Ever heard of Indiana’s Mt. Baldy? This is how Wikipedia describes Mt. Baldy:
Mount Baldy is a sand dune located in the Indiana Dunes National Lakeshore. It is the tallest sand dune on the southern shore of Lake Michigan and is 123 feet tall.
This is how I describe Mt. Baldy:
Darn near killed me.
About twenty years ago, my husband and our three beautiful little girls (Emily, Brittany, and Stephany) visited friends in northern Indiana. Someone thought it’d be a great idea to climb Mt. Baldy. After suffering much abuse from this endless sand dune, no one wanted to own up to WHO’s idea it was. Even if they wanted to own up to it – they couldn’t. No breath = no voice.
Along the relentless, steep, upward climb, we paused a few times – probably more than a few, but who’s counting? There were three or four times when I came to a complete stop and actually looked behind me – gauging whether going back down was an option.
Each time, however, I saw how far I’d come and decided to keep going. The steps I’d accomplished (and lived to tell about) gave me confidence to continue my journey.
When we reached the top, there were just a few little shade trees to be found. Other climbers, gasping for breath were crowded around most of the shade (some were even laid out, like they were making snow angels… but without moving. My sweaty, unable to speak, and exhausted little group huddled around the nearest little tree. There was an incredible sense of accomplishment, in spite of the physical exhaustion.
We’d made it!
It felt pretty darn cool to have completed such a grueling, physical task. Seriously, you can’t imagine how STEEP that climb was – and in sand, no less! Each step seemed like you were taking about 10 because you kept sinking with each step.
And did I mention it was August? H-O-T!
When I remembered how to activate my senses, I stood up and, with three little girls who I’m pretty sure were laughing at me, looked around at the view. If I’d had any breath, it would have taken it away.
The view was spectacular. It’s something I’ve never forgotten – even after 20 years. I remember how proud I was of the accomplishment and I remember how beautiful everything was – just like it was yesterday.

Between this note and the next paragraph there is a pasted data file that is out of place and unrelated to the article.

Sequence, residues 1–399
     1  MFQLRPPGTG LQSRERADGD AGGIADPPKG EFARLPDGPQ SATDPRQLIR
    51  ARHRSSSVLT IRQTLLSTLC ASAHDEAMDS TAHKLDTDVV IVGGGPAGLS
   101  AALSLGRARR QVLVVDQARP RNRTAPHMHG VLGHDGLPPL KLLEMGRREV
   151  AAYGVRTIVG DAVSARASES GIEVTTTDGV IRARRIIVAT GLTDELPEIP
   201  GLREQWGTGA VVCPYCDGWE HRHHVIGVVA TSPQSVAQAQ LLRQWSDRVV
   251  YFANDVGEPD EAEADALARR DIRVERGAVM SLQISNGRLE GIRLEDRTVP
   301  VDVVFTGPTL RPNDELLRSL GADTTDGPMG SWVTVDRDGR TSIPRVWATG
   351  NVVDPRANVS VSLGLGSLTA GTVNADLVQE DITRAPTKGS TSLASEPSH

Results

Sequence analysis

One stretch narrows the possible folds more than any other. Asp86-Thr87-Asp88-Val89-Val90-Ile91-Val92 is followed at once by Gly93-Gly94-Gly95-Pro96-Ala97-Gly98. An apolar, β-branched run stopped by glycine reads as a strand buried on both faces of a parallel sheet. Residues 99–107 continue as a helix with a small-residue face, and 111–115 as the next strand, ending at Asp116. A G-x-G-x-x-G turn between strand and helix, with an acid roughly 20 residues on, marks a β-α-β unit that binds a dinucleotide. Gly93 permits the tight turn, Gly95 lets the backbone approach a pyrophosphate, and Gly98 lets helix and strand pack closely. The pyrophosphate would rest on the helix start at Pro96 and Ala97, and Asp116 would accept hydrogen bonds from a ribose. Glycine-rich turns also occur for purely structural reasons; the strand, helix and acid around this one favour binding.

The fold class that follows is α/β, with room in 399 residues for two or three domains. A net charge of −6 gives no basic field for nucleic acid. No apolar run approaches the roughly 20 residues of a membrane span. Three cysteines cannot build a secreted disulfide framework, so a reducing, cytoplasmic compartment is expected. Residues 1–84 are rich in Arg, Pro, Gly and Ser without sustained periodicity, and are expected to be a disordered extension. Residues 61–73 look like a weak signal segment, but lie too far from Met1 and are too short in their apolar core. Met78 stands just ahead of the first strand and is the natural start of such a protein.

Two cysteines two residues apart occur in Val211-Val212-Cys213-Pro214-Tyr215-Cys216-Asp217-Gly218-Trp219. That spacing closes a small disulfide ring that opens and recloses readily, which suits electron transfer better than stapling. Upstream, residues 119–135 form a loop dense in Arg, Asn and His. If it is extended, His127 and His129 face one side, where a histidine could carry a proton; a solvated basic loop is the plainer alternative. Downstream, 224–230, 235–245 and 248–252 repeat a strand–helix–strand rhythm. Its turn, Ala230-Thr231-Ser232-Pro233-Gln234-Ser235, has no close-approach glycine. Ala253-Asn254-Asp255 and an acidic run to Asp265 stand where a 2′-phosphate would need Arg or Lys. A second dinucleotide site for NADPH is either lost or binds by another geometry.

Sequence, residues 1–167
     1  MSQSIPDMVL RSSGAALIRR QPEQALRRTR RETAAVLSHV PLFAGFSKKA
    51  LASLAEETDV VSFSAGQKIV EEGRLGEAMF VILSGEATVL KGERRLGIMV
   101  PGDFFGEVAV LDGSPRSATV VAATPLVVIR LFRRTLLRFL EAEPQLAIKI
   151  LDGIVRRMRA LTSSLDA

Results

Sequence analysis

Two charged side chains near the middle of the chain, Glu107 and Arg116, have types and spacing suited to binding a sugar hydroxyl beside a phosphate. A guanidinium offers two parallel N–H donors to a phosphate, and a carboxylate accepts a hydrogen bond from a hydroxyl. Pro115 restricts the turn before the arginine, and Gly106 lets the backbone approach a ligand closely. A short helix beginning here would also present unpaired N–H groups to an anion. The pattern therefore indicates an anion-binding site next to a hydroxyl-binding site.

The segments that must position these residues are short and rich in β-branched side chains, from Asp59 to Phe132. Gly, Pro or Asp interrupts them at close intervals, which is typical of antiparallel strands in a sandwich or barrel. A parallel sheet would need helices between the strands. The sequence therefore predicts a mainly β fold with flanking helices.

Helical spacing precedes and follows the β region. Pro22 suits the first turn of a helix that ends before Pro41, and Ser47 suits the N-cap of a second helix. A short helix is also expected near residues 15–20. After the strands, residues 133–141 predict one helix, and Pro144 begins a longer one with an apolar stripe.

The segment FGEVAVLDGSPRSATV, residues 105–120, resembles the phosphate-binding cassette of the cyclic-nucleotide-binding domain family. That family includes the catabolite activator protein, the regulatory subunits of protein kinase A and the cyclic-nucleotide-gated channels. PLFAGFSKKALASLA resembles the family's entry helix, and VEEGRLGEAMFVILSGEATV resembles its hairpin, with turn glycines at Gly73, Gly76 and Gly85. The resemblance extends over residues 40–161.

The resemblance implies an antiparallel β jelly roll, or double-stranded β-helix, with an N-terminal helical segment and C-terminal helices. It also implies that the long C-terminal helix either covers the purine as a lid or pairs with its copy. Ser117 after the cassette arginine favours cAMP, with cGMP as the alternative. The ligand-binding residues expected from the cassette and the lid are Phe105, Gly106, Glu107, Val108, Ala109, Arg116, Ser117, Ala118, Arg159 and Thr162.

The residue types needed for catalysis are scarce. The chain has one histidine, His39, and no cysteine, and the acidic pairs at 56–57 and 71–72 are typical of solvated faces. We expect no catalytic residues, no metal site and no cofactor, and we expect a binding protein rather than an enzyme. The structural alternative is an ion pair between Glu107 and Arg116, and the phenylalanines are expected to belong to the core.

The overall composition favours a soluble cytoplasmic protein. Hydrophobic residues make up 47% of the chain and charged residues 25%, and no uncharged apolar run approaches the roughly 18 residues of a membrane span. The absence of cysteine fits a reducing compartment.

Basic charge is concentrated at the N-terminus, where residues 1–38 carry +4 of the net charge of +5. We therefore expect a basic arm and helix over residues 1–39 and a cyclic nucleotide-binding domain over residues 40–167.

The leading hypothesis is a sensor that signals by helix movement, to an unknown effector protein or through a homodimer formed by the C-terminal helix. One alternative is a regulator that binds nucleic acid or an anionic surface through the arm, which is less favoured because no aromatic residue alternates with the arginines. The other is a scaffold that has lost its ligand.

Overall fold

Over the years, a lot has changed. Our friends no longer live in northern Indiana… I believe Mt. Baldy is now closed to the public…. Our girls are still beautiful, but only their father could still consider them “little girls.”
No matter how many things have changed, one thing remains the same: The “Mt. Baldy Lesson” still holds true.
Life, like Mt. Baldy, can sometimes be a steep climb. There are times when we kind of stall in our steps – emotionally wrung out and spiritually exhausted – and wonder how we can possibly take another step. It’s times like this when we should just pause and look at the progress we’ve made.
The steps we made and lived to tell about.
A few things we need to keep in mind during the climb:
- There’s a difference between pausing and stopping. Pausing says, “OK. Let me regroup, then I’ll continue.” Stopping says, “Done.”
- No one ever said it was going to be easy.
- If we stop, we’ll just have to start all over again. Then, any progress will have been wasted.
- When you pause, look back at how far you’ve come. Use that as motivation to go a little further. Then, pause again. Look back again. Keep using the steps you’ve taken to fuel the ones you have left.
- No matter which one of life’s steep journeys you’re on, remember that stopping isn’t an option. The only way you’re going to get there is to keep going.
- Don’t beat yourself up when you feel tired or “wrung out.” Just keep going – even a shaky step is still a step.
- No one else can understand your journey unless they’ve walked in your steps. If I were to mention “Mt. Baldy” to my husband and daughters, they’d grimace. They walked the walk so they know the talk. If I mentioned “Mt. Baldy” to my favorite cashier at Kroger, she wouldn’t have a clue what I was talking about. She might even say something like, “Oh, it couldn’t have been that bad.” Then she wouldn’t be my favorite cashier anymore.
- The view from the top is something you’ll never forget.
Again, twenty years later, the experience is still something I remember vividly – just like it was yesterday.
Find your strength. Keep going. You will make it.